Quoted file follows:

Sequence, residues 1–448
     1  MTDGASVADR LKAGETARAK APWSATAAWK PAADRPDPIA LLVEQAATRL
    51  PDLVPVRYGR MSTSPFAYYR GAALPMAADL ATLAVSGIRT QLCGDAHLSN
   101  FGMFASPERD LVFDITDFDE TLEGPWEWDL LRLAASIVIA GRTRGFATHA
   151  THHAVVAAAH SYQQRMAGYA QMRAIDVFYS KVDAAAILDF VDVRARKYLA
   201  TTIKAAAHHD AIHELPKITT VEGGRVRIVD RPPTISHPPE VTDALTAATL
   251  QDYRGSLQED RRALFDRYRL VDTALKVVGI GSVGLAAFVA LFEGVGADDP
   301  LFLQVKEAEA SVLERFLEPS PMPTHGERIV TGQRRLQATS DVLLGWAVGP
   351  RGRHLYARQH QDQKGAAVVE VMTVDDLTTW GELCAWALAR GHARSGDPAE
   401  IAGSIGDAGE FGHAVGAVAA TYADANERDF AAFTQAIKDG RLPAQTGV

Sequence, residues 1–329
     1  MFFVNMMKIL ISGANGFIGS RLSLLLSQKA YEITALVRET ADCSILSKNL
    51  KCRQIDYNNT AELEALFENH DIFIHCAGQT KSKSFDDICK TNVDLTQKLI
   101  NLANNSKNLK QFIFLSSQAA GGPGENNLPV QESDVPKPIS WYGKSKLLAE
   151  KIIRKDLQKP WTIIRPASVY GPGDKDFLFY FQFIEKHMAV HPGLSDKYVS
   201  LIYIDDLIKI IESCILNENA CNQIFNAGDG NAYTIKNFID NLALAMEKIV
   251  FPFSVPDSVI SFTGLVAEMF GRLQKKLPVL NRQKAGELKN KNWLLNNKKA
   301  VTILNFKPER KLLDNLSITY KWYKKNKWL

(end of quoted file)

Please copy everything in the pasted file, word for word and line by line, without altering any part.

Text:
Sequence, residues 1–448
     1  MTDGASVADR LKAGETARAK APWSATAAWK PAADRPDPIA LLVEQAATRL
    51  PDLVPVRYGR MSTSPFAYYR GAALPMAADL ATLAVSGIRT QLCGDAHLSN
   101  FGMFASPERD LVFDITDFDE TLEGPWEWDL LRLAASIVIA GRTRGFATHA
   151  THHAVVAAAH SYQQRMAGYA QMRAIDVFYS KVDAAAILDF VDVRARKYLA
   201  TTIKAAAHHD AIHELPKITT VEGGRVRIVD RPPTISHPPE VTDALTAATL
   251  QDYRGSLQED RRALFDRYRL VDTALKVVGI GSVGLAAFVA LFEGVGADDP
   301  LFLQVKEAEA SVLERFLEPS PMPTHGERIV TGQRRLQATS DVLLGWAVGP
   351  RGRHLYARQH QDQKGAAVVE VMTVDDLTTW GELCAWALAR GHARSGDPAE
   401  IAGSIGDAGE FGHAVGAVAA TYADANERDF AAFTQAIKDG RLPAQTGV

Sequence, residues 1–329
     1  MFFVNMMKIL ISGANGFIGS RLSLLLSQKA YEITALVRET ADCSILSKNL
    51  KCRQIDYNNT AELEALFENH DIFIHCAGQT KSKSFDDICK TNVDLTQKLI
   101  NLANNSKNLK QFIFLSSQAA GGPGENNLPV QESDVPKPIS WYGKSKLLAE
   151  KIIRKDLQKP WTIIRPASVY GPGDKDFLFY FQFIEKHMAV HPGLSDKYVS
   201  LIYIDDLIKI IESCILNENA CNQIFNAGDG NAYTIKNFID NLALAMEKIV
   251  FPFSVPDSVI SFTGLVAEMF GRLQKKLPVL NRQKAGELKN KNWLLNNKKA
   301  VTILNFKPER KLLDNLSITY KWYKKNKWL